Yes Men Try To Mess With U.N., One Gets Arrested And Jailed

Those wily Yes Men, pranksters of the business and political worlds and comedy documentarians who masquerade as big business honchos to create “gotcha!” moments, were gotten themselves by the cops when they tried to disrupt the U.N. Security Council Summit.

One of them was arrested, then released after more than a day with all charges dismissed. The Yes Men are all proud of the incident and sent out this press release:

Andy Bichlbaum, co-founder of activist group the Yes Men, emerged after 26 hours in New York City’s central lockup with all charges against him dismissed.

“The judge just laughed,” said Bichlbaum. “The police had a less well-developed sense of humor – and, it turned out, much less regard for the law. But all in all, I’m ecstatic that they arrested me.”

At 10am Tuesday, Bichlbaum was arrested and charged with trespassing, after he and 21 “Survivaballs” gathered on New York City’s East River and announced they were to going to “take the UN by storm” from the water, since all the land approaches were sealed. Once at the UN, they would supposedly use the Survivaballs to blockade the negotiations and refuse to let world leaders leave the room until they’d agreed on sweeping cuts in greenhouse gas emissions, as Secretary-General Ban Ki-Moon has demanded.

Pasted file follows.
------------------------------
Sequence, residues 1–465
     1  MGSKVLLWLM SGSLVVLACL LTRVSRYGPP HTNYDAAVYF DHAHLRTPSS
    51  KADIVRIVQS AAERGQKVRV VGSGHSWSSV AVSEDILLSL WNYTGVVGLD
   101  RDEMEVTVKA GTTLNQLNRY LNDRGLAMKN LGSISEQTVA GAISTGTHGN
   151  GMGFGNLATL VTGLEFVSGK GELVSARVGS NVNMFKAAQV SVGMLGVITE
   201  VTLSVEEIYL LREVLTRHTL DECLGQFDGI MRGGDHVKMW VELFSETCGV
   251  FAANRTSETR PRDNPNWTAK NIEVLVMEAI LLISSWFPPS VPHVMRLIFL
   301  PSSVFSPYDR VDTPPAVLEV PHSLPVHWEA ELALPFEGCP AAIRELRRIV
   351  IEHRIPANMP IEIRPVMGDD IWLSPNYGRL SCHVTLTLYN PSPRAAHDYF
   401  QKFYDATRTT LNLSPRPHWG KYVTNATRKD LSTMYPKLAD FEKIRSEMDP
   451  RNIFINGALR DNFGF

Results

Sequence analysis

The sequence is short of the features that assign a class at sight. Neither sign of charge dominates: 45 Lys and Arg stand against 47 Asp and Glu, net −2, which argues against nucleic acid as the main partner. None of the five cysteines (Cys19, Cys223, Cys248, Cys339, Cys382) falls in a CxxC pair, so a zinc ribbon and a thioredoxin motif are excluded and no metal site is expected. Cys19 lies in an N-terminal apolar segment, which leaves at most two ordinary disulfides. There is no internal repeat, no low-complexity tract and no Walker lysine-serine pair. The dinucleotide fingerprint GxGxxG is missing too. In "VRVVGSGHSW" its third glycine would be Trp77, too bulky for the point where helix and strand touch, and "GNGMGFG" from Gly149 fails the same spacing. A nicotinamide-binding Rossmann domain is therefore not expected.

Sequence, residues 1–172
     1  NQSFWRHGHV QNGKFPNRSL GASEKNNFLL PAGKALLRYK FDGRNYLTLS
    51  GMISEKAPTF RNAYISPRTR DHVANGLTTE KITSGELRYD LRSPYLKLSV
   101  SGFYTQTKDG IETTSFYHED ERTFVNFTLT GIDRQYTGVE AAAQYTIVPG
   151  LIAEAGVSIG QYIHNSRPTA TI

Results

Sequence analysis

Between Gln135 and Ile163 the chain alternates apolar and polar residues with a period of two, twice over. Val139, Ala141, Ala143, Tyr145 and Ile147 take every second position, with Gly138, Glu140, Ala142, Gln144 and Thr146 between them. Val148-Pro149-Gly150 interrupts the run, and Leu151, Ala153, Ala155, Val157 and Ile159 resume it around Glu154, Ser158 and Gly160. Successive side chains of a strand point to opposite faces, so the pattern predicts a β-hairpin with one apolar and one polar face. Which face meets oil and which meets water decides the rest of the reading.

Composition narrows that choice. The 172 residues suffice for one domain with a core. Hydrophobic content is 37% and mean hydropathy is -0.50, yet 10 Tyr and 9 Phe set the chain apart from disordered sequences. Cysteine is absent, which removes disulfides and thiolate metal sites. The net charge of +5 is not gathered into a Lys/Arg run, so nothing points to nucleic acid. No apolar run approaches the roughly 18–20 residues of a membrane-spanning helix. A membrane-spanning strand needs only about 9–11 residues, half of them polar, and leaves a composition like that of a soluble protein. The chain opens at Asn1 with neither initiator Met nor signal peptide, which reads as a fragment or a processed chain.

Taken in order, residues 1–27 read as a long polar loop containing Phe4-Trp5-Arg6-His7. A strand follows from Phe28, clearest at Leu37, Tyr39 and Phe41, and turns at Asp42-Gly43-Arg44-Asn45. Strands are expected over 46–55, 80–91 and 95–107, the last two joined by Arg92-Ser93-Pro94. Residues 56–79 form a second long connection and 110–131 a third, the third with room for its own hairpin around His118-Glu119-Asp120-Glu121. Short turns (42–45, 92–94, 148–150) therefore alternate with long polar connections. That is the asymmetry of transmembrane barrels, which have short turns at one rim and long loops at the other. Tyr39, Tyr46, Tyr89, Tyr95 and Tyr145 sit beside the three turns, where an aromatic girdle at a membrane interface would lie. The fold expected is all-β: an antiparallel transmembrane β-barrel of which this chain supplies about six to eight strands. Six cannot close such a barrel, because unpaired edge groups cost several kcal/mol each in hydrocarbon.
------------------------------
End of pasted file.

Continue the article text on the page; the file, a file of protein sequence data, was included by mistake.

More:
The event was a “scenic and mediagenic way to call attention to what our leaders need to do in the run-up to Copenhagen,” said Bichlbaum. It was also the official inauguration of the Yes Men’s “Balls Across America” series of civil disobedience actions, inspired by the call for direct action on climate change by website

Minutes after the balls began wading into the water, law enforcement swooped in on the protesters by land, sea, and air. In order not to harm their attackers, the balls admitted defeat and waddled out of the water and off the beach. Seven participants were given tickets for trespassing, and one — ringleader Bichlbaum — was whisked away to “the Tombs,” New York’s central processing facility at 100 Centre Street, due to an unpaid ticket for bicycle riding through Washington Square Park.

Bichlbaum’s arrest led to hilarious prime-time coverage on CNN.

“Sleeping on concrete was a challenge, but I met a lot of interesting people, and my arrest meant major prime-time news coverage we wouldn’t have otherwise had,” said Bichlbaum. “That’s the whole point of civil disobedience. Thanks to my
momentary discomfort, our symbol of the stupidity of not taking action on climate change was seen by tens of millions of people. It all worked out great, and I remain grateful to the NYPD for having accidentally made our event successful
beyond our wildest dreams.”

Despite Bichlbaum’s gratitude, one thing stuck out for his attorney, Wylie Stecklow: in filing his report, the arresting officer had lied through his teeth.

“The officer said he’d seen Bichlbaum jump over the fence, which was obviously impossible, since the police arrived after the Survivaballs had all entered the beach,” said Stecklow, who defended Bichlbaum at his arraignment yesterday